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magnificent B-17. There were occasions where on returning to their bases the cloud cover was so dense and low that it was almost impossible to land. Navigation was so poor without visual bearings. There were instances where the pilot would order the crew to bail out before he eased the plane down through the cloud. Sometimes they were still over the sea ! rjp
US Bomber Crewman in flak jacket and electric heated clothing to survive the extreme cold at high altitudes
American crew demonstrates the size of a hole in the wing of a B-17, resulting from German flak during a raid on Ludwigshafen, 1944. The B-17 was famous for sustaining crippling damage and still possessing the airworthiness to allow pilots to fly to safety.
"I'll Get Bye" B-17G-55-BO Flying Fortress s/n 42-102700 412th Bomb Squadron, 95th Bomb Group, 8th Air Force. Shot down on August 2,1944, all but three crewmembers were killed. Plane was hit in the wing by flak, knocking off the wing tip. The plane veered to left and caught fire, then exploded. They were flying as deputy lead crew for this mission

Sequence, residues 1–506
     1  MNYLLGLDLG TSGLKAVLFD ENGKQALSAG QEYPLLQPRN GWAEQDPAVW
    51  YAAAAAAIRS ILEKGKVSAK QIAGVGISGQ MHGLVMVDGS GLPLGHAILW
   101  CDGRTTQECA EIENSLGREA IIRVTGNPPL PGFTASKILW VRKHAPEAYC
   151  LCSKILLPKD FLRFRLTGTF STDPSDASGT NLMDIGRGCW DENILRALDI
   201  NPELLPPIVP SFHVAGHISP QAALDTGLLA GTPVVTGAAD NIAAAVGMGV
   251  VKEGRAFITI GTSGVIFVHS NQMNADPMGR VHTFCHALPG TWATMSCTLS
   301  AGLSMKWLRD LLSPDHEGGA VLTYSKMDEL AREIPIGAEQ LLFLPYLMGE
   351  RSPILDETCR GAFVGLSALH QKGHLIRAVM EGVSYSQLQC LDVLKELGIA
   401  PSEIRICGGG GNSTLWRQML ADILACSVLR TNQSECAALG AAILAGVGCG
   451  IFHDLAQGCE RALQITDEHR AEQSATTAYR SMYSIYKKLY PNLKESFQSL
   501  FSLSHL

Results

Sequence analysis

My father told me a story of his childhood in Edinburgh, watching a German fighter fly overhead going into the sea, the pilot dead at the wheel, his blood dripping onto the pavement beside the teenaged boy. It must have been a similar image.
The B-17 Flying Fortress was famous for its durability. This B-17, Hang the Expense, of the 100th Bomber Squadron of the USAAF rests in an English airfield after being severely damaged by flak over Ostend on an aborted mission to Frankfurt, Germany, 24 January 1944. The tail gunner, Roy Urick, was blown out - but survived and was taken prisoner. Pilot, Frank Valesh, and co-pilot ,John Booth, miraculously flew the badly damaged B-17 back to England and put down safely at Eastchurch.